Monday, May 24, 2010

Win a copy of Dead in the Family by Charlaine Harris!

I'm pimping out this contest for The Nerd's Wife because, let's face it, this would be a really cool prize to win!

TNW recently went to a Charlaine Harris book signing in Dallas and got an extra copy of Dead in the Family (the newest Sookie Stackhouse book) signed. And she's giving it away!

Click here to enter!

Friday, May 21, 2010

Spirit Bound (Vampire Academy #5) by Richelle Mead

I just realized how hard it is going to be to write this without spoilers. I can't really write a synopsis without giving away some HUGE issues in the past books, and I can't really talk about my theories or anything else equally fun.

But I will say this: I loved it! It isn't my favorite book in the series, but nevertheless it's just like the rest: A really fun, engaging ride. All the major players are back, including Rose, Lissa, Christian, Adrian, and Dimitri. And there are appearances by old favorites as well: Eddie, Queen Tatiana, Victor Dashkov, Ambrose, Jill (aka. Jailbait), and more. Some new characters were also introduced, and all in all it was an excellent segue from Blood Promise to The Last Sacrifice, which is being released in December.

I will say that this book went in some unexpected directions, and in some ways it felt like two novels in one. There were some elements that took me by surprise, and I am super curious as to how things play out in The Last Sacrifice. I can't wait to see if my theories are correct.

If you're looking for a fun series (that I think runs circles around Twilight!), I would highly recommend this one. You can find a blog post about the previous books here.

Wednesday, May 19, 2010

Haunted Naperville by Diane Ladley

Do you remember a few posts ago (Will Grayson, Will Grayson) when I mentioned I was from Naperville, Illinois? Well, something awesome happened between now and then: My mom let me borrow her copy of Haunted Naperville.

Haunted Naperville is exactly what it sounds like: A collection of ghost stories and folklore from Naperville. It delves into some incredible history of the town, from the train wreck of 1946 to the manhunt for two small children who disappeared with virtually no trace just before Christmas in 1952 (I am sorry to say this story does not end happily). There is mention of Otto Klein, one of the most famous trick riders of his day who was friends with people such as Annie Oakley and Will Rogers. His life ended tragically at Madison Square Garden when a stunt went wrong and his head got in the way of his horse's hoof as it galloped.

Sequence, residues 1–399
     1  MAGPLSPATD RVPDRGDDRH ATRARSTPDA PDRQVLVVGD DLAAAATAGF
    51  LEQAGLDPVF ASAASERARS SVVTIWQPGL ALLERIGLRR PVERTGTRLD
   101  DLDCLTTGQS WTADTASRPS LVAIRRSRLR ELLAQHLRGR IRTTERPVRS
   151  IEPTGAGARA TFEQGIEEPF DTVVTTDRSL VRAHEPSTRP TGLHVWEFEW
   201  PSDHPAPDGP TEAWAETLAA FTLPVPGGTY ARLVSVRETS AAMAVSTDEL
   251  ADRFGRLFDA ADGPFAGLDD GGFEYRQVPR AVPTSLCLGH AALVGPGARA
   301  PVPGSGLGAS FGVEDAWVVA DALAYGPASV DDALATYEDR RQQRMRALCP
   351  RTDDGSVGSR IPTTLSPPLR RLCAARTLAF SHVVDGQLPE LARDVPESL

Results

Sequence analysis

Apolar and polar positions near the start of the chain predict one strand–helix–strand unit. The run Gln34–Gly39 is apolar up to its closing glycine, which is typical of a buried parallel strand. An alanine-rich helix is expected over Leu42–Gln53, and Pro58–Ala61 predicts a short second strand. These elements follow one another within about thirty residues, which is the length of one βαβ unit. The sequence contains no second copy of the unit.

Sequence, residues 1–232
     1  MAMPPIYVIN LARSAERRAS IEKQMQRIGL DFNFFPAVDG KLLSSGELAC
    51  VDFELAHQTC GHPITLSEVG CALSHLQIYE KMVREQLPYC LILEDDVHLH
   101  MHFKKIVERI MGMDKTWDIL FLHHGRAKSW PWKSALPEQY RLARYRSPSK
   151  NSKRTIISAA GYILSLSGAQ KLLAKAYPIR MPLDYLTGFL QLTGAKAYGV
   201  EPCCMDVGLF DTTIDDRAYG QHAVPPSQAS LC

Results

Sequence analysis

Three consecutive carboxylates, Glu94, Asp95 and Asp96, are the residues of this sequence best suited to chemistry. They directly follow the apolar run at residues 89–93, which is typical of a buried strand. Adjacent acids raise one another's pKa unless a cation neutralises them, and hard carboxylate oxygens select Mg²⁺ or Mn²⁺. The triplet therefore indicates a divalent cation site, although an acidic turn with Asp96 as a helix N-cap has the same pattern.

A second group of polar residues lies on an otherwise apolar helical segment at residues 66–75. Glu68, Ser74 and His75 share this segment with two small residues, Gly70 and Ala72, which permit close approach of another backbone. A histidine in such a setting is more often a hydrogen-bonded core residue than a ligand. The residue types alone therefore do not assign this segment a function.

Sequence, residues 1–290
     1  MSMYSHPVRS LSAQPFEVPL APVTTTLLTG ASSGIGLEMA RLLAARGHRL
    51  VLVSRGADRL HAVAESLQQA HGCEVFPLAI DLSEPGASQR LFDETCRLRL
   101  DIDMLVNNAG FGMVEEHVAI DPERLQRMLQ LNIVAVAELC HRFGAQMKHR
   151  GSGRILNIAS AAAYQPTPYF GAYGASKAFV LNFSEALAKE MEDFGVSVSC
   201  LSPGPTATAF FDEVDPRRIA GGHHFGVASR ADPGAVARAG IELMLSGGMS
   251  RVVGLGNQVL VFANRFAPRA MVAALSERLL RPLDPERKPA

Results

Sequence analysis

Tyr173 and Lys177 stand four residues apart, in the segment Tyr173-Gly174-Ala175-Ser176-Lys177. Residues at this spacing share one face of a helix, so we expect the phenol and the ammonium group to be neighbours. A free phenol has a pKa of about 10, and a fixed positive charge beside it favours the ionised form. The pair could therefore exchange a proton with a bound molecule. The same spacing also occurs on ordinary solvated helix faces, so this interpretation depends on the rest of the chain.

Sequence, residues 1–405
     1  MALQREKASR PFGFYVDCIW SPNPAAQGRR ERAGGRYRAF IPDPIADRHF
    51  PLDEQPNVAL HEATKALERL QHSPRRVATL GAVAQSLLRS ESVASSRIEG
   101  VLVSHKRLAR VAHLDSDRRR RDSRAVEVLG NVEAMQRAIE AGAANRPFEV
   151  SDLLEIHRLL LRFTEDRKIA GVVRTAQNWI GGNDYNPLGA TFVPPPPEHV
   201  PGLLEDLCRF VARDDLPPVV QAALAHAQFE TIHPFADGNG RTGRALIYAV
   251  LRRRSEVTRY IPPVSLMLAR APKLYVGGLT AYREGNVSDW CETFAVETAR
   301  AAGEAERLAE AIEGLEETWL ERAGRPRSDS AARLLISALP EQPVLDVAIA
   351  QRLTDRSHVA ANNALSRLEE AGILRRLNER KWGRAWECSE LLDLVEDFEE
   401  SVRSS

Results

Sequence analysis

These stories were ones I knew about growing up. I spent about a year or so living just a few blocks away from the train tracks where the train accident occurred (for some truly incredible photography of this event, click here. But I will warn you: It is devastating to look at, thus why I will not post the photos directly on the blog).

In addition to these stories, there are also some lesser-known stories. I had a wonderful time reading about ghost stories that I never knew about, but occurring in places that I frequented constantly. For example, one story told about mystery hoof beats inexplicably heard traveling down School Street. I lived a few houses down from School Street, and I would walk about seven blocks down it to school every day. It's so fun to hear about these legends and to be able to say, "I know that place!"

I always knew that Naperville had to have some ghostly activity aside from the popular "Lady in White" story (which is incidentally included in the book). The town was founded in 1830, and for some wonderful reason many old buildings are still in tact and SO well preserved. There's a living museum called Naper Settlement, where a handful of houses from various areas of town were moved to and now stand, each one a glimpse back in time. I spent a few months volunteering there as a tour guide (a gig that required me to wear this completely heinous 1830s-style dress), and even then I knew there had to be some stories that were being hushed up. That was always the problem with Naperville: Despite this history, and despite ghost stories being an important part of folklore, these things were hushed up because the town became so utterly yuppie. God forbid anything gets out that talks about the town in a less-than-perfect light.